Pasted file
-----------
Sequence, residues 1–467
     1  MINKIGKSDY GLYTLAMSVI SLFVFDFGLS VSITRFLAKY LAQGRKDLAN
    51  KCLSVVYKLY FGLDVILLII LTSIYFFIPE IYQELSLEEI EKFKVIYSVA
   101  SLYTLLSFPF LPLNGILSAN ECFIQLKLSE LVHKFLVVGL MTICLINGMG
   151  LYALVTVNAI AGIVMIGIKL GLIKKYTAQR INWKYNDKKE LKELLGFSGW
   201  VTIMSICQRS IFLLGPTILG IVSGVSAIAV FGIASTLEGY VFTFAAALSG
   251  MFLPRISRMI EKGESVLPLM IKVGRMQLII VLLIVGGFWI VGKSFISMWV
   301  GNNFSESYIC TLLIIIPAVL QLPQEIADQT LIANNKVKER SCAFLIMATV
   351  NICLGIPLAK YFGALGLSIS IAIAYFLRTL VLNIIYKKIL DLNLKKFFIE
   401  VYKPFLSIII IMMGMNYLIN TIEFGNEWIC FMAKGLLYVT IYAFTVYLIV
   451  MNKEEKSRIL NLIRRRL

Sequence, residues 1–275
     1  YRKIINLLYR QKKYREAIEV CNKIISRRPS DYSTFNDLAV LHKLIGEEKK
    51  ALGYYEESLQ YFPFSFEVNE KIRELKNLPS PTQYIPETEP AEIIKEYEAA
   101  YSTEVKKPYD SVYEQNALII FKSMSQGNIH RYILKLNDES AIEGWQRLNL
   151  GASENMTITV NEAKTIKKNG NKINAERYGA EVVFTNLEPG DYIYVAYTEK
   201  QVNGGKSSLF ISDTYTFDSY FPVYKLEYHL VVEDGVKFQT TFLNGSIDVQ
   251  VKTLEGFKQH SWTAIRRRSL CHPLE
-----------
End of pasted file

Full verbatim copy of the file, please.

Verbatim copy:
Sequence, residues 1–467
     1  MINKIGKSDY GLYTLAMSVI SLFVFDFGLS VSITRFLAKY LAQGRKDLAN
    51  KCLSVVYKLY FGLDVILLII LTSIYFFIPE IYQELSLEEI EKFKVIYSVA
   101  SLYTLLSFPF LPLNGILSAN ECFIQLKLSE LVHKFLVVGL MTICLINGMG
   151  LYALVTVNAI AGIVMIGIKL GLIKKYTAQR INWKYNDKKE LKELLGFSGW
   201  VTIMSICQRS IFLLGPTILG IVSGVSAIAV FGIASTLEGY VFTFAAALSG
   251  MFLPRISRMI EKGESVLPLM IKVGRMQLII VLLIVGGFWI VGKSFISMWV
   301  GNNFSESYIC TLLIIIPAVL QLPQEIADQT LIANNKVKER SCAFLIMATV
   351  NICLGIPLAK YFGALGLSIS IAIAYFLRTL VLNIIYKKIL DLNLKKFFIE
   401  VYKPFLSIII IMMGMNYLIN TIEFGNEWIC FMAKGLLYVT IYAFTVYLIV
   451  MNKEEKSRIL NLIRRRL

Sequence, residues 1–275
     1  YRKIINLLYR QKKYREAIEV CNKIISRRPS DYSTFNDLAV LHKLIGEEKK
    51  ALGYYEESLQ YFPFSFEVNE KIRELKNLPS PTQYIPETEP AEIIKEYEAA
   101  YSTEVKKPYD SVYEQNALII FKSMSQGNIH RYILKLNDES AIEGWQRLNL
   151  GASENMTITV NEAKTIKKNG NKINAERYGA EVVFTNLEPG DYIYVAYTEK
   201  QVNGGKSSLF ISDTYTFDSY FPVYKLEYHL VVEDGVKFQT TFLNGSIDVQ
   251  VKTLEGFKQH SWTAIRRRSL CHPLE